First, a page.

Argentinian Jewish groups reject Iranian AMIA cooperation

"We demand appropriate actions, not words," says director of Latin American Jewish Congress; "talking doesn't equal progress."

Argentina bombing of Israeli embassy 311 (R) (photo credit: Reuters)
Argentina bombing of Israeli embassy 311 (R)
(photo credit: Reuters)
Jewish groups in Argentina have dismissed a proposal from the Iranian foreign ministry last week offering cooperation with the Argentinian government regarding the AMIA center bombing in 1994 in which 85 people were killed.
“Talking does not equal progress if it doesn’t lead to a trial,” said Julio Schlosser, secretary-general of the AMIA Jewish umbrella organization to The Jerusalem Post on Wednesday.
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Referring to Argentinian Foreign Minister Héctor Timerman’s statement on Sunday that the proposal was “a very positive step,” Schlosser said, “The only reason for the Argentinian government to talk with Iran about the matter is to schedule a place and a date for a trial of those implicated in the attack.”
He added that it was unclear what the Iranian proposal included and said the details of the offer needed to be clarified before it could be known if it was serious or not. He admitted, though, that the offer was unlikely to lead anywhere.
“We should listen to what [the Iranians] have to say, but AMIA is not going to give up the legal prosecutions.”
“You can’t trust a country that provides money to terrorist organizations and denies the Holocaust,” he added.
Claudio Epelman, director of the Latin American Jewish Congress, told the Post that Iran’s offer was not credible in light of the fact that senior Iranian leaders such as current defense minister Ahmed Vahidi were directly implicated in the attack.
“Expressing sympathies for the victims of the attack on the eve of the commemorations while at the same time continuing to stonewall when it comes to cooperating with Argentina’s judiciary is nothing but cynical,” Epelman said in a statement.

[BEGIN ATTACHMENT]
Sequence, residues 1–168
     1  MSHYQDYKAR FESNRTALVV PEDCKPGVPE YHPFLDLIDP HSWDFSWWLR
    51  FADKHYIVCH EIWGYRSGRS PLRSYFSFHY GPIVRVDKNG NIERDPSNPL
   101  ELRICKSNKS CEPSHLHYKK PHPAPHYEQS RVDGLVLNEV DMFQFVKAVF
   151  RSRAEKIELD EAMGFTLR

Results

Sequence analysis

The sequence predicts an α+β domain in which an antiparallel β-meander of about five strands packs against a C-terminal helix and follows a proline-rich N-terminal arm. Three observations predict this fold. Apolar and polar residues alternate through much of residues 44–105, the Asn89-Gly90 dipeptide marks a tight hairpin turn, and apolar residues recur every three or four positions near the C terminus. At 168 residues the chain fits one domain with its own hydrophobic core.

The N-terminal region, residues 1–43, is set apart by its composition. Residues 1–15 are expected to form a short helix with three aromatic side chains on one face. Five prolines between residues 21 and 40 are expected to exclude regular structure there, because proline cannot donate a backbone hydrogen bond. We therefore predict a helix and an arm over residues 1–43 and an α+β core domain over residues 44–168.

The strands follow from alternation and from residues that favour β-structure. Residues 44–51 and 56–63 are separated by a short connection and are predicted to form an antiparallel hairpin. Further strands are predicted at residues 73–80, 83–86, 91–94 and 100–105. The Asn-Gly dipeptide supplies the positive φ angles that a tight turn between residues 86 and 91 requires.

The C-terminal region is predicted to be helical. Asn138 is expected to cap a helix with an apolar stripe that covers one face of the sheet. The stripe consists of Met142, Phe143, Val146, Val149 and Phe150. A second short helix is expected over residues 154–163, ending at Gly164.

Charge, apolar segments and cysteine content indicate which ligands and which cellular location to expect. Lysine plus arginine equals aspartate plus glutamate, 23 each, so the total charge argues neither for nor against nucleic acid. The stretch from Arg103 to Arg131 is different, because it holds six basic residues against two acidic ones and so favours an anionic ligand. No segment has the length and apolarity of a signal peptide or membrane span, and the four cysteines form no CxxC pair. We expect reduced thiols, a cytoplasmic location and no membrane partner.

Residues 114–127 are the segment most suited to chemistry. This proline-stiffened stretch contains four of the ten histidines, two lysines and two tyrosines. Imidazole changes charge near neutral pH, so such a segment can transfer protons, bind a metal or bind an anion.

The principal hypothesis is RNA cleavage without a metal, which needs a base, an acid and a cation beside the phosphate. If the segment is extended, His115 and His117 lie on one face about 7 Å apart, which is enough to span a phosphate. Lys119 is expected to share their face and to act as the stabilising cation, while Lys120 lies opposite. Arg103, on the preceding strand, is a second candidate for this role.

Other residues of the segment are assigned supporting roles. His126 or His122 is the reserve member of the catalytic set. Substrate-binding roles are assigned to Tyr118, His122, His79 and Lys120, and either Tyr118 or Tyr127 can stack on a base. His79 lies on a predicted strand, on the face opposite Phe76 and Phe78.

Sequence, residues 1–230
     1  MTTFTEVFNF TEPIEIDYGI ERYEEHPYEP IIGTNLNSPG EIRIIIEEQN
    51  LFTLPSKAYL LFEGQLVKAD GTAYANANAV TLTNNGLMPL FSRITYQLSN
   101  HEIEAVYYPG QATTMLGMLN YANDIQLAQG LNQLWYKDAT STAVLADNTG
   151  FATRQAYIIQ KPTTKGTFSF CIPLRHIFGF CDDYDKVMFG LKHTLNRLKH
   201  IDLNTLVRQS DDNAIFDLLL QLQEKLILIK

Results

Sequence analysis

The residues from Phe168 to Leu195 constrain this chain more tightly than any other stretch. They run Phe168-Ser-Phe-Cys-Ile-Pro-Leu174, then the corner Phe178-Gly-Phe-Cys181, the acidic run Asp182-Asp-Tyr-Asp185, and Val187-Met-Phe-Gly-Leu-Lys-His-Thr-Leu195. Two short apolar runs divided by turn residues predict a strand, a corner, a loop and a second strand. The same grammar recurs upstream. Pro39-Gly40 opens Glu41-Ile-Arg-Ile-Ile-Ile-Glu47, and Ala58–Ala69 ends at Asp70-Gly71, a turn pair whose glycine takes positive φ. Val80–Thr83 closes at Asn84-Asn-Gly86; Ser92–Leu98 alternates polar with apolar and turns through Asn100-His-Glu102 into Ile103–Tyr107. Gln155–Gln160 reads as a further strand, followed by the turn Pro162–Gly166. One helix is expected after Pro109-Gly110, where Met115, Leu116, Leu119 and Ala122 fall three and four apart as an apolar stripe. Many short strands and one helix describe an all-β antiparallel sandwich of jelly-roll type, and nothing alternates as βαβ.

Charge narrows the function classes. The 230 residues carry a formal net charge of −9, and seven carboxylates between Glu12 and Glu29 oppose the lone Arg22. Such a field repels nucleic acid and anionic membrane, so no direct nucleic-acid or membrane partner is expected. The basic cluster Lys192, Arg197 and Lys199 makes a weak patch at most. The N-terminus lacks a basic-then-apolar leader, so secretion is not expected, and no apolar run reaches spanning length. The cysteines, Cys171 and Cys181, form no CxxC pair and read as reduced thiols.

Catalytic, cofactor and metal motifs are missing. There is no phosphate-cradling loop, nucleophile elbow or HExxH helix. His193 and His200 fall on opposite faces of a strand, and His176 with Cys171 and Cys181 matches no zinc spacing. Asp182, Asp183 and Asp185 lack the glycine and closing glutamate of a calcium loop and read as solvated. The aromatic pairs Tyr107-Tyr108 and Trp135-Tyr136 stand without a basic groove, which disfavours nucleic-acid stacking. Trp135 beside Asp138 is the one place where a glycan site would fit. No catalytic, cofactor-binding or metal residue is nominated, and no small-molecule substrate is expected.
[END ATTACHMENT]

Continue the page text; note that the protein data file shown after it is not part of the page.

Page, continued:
“If Iran is serious, it must fully cooperate with the Argentinian justice system and allow the suspects to be tried in a court of law. We demand appropriate actions, not words.”
It is thought that the attack was carried out by the Lebanese Shi’ite group Hezbollah, on orders from Tehran. In 2007, Interpol issued “red notices” calling for the arrest of six people in connection with the attack.
They included former Hezbollah commander Imad Mughniyeh, killed by a car bomb in 2008; Vahidi; and the former commander of the Iranian Revolutionary Guard Corps, Mohsen Rezai.
The Argentinian Jewish community commemorated the 17th anniversary of the bombing on Monday at the AMIA center in Buenos Aires in the presence of Argentinian President Cristina Fernández de Kirchner, along with Foreign Minister Timerman.
In a speech at the commemoration, Diana Malamud, a representative of the Memoria Activa victims group of the AMIA bombing, referred to the Iranian proposal by saying, “We do not accept their condolences.”
“We will probably meet again next year and say the same things and just replace 17 with 18,” she said. “It’ll be the same thing over again.”
The secretary-general of the World Jewish Congress, Dan Diker, rejected the possibility that the Iranian offer was credible.
“Iran’s offer to shed ‘all possible light’ on the circumstances of the 1994 AMIA bombing reflects the regime’s long-standing strategy of intentionally misleading the international community while using terror proxies like Hezbollah to wreak destruction and assert control,” he said in a statement.
Dr. Shimon Shapira of the Jerusalem Center for Public Affairs think tank called the Iranian statement a “PR exercise.”
“It’s clear that no one in Iran means this as a serious offer,” he said. “They have a public relations problem at the moment with international sanctions and especially with regard to the implication of Hezbollah in the death of [former Lebanese prime minister] Rafik Hariri, which explains the timing of the offer.”